[Hpn] Police shot and killed wrong man,we should all be outraged at this street blood lust!

William Charles Tinker wtinker@metrocast.net
Wed, 21 Jul 2004 13:44:05 -0400


Error delayed care for bleeding man
www.mercurynews.com

Wednesday, Jul 21, 2004

Error delayed care for bleeding man

DISPATCH MISTAKE, POLICE REFUSAL TO JOIN CHASE AMONG REVELATIONS IN PROBE OF
SHOOTING BY STATE AGENT

By Elise Banducci

Mercury News


Because of a dispatcher's error, Rodolfo Cardenas lay bleeding and
handcuffed without medical care for 12 minutes after San Jose police had
given the OK for paramedics to treat him, a criminal grand jury was told
Tuesday.
Other revelations from the hearing's second day included that San Jose
police refused to join state agents in their high-speed chase of Cardenas
down residential streets, in part because they believed it was too
dangerous.
The dramatic day of testimony began to answer some nagging questions that
have lingered since Feb. 17, the day Cardenas was misidentified as fugitive
parolee David Gonzales. Cardenas was shot in the back and killed by Michael
Walker, a California Bureau of Narcotic Enforcement agent.
Walker and other state agents chased Cardenas after they saw his van driving
away from a San Jose garage where an informant told agents Gonzales would
be.
The grand jury hearing the testimony in public -- rather than in private, as
such proceedings are usually conducted -- must decide whether a crime was
committed or whether Walker had a ``reasonable'' belief that he was in
imminent danger at the time of the shooting.
The Mercury News reported March 20 that there was an unexplained delay in
treating Cardenas.
On Tuesday, taped records revealed a harried police dispatcher failed to
properly inform the fire department that medical personnel could approach
the bleeding man.
The records also showed that police officers repeatedly inquired about what
was keeping the ambulance.
According to the recordings, an officer at the scene told the dispatcher at
1:24 p.m. that the scene was secure. But the dispatcher, who was juggling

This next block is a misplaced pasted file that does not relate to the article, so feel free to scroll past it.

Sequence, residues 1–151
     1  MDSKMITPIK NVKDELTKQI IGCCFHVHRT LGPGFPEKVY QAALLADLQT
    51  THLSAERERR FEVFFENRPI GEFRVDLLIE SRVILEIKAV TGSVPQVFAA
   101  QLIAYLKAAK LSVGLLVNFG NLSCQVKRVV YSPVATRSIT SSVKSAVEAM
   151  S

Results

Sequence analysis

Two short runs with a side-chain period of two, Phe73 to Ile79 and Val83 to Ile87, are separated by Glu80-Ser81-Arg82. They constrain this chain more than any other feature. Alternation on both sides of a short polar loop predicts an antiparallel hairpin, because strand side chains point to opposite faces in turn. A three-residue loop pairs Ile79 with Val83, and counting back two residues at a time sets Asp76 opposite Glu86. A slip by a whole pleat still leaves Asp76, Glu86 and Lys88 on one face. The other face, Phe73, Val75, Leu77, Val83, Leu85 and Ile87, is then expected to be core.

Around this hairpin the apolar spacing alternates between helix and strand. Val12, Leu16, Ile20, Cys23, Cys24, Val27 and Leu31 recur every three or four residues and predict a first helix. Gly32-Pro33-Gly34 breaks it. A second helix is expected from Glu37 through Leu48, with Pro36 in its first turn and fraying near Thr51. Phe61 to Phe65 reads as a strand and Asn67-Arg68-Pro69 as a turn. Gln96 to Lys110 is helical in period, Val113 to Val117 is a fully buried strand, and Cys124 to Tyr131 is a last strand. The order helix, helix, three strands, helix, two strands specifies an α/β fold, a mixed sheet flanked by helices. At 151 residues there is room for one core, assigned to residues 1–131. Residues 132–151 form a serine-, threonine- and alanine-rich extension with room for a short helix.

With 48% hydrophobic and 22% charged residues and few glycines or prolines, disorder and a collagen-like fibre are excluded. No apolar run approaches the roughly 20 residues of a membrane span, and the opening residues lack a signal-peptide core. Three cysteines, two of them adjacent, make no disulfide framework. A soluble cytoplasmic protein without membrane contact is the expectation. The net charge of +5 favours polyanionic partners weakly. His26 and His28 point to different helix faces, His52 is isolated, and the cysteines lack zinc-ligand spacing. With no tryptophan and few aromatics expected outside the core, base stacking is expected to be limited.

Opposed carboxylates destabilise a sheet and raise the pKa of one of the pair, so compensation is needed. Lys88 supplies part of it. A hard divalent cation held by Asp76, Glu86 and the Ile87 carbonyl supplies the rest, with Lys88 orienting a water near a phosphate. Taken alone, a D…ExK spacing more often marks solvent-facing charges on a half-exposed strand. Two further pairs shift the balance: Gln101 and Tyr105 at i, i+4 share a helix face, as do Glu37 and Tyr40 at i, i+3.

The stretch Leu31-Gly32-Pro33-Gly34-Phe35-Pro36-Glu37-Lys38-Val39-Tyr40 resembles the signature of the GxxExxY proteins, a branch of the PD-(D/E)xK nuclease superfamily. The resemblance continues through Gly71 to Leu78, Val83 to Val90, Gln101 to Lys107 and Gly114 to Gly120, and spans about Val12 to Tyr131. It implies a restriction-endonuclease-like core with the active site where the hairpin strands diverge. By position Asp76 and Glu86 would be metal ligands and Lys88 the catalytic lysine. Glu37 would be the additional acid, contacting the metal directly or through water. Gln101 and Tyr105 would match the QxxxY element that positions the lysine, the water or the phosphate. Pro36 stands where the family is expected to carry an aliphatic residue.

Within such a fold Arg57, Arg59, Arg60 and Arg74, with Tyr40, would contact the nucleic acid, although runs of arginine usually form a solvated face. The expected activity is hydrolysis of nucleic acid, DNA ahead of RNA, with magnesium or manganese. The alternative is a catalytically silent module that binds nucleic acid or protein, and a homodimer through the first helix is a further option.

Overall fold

numerous calls from other responding officers, failed to translate the infor
mation, which was delivered via police code, for the fire department. That
failure delayed sending an ambulance and paramedics to the scene. A
dispatcher gave the fire department clearance 12 minutes later. It was
unclear if that dispatcher was the same one as before.
``OK, is it a secure area yet?'' the fire department asks at one point.
``Hold on a minute!,'' replies the dispatcher, who hung up before answering
the question.
Meanwhile, officers worked around Cardenas to photograph the scene and
search the area.
Also Tuesday, San Jose police testified that they were bewildered to see
state agents screeching through downtown in unmarked vehicles.
At one point, Cardenas and Walker headed the wrong way down a one-way
street.
``All the unmarked vehicles are all over the place,'' one officer told
dispatch. ``I think we ought to call their supervisor.'' Later, the officer
added, ``The unmarked vehicles are blowing red lights.''
At another point, a California Highway Patrol dispatcher asks, ``Why are we
on city streets?''
Records also show that a dispatcher repeatedly asked for the name of the man
agents thought they were chasing and the license plate of the van.
``Can I call you right back with his name and his identifier,'' one of the
agents finally answers the dispatcher.
Santa Clara County Deputy District Attorney Lane Liroff hammered away at the
agents during their testimony.
``So you're running around the streets of San Jose with the siren on after a
car you don't -- you can't see, for a suspect you don't know the name of in
a car you don't know the license plate of, is that about it?'' Liroff asked
California Bureau of Narcotic Enforcement agent Brian Link.
``That's correct,'' Link replied.
Gonzales, the man state agents were actually looking for, was wanted on a
parole violation for a drug offense.
San Jose police said they would not have risked chasing Gonzales on
residential streets for such a crime.


Contact Elise Banducci at ebanducci@mercurynews.com or (408) 295-3983.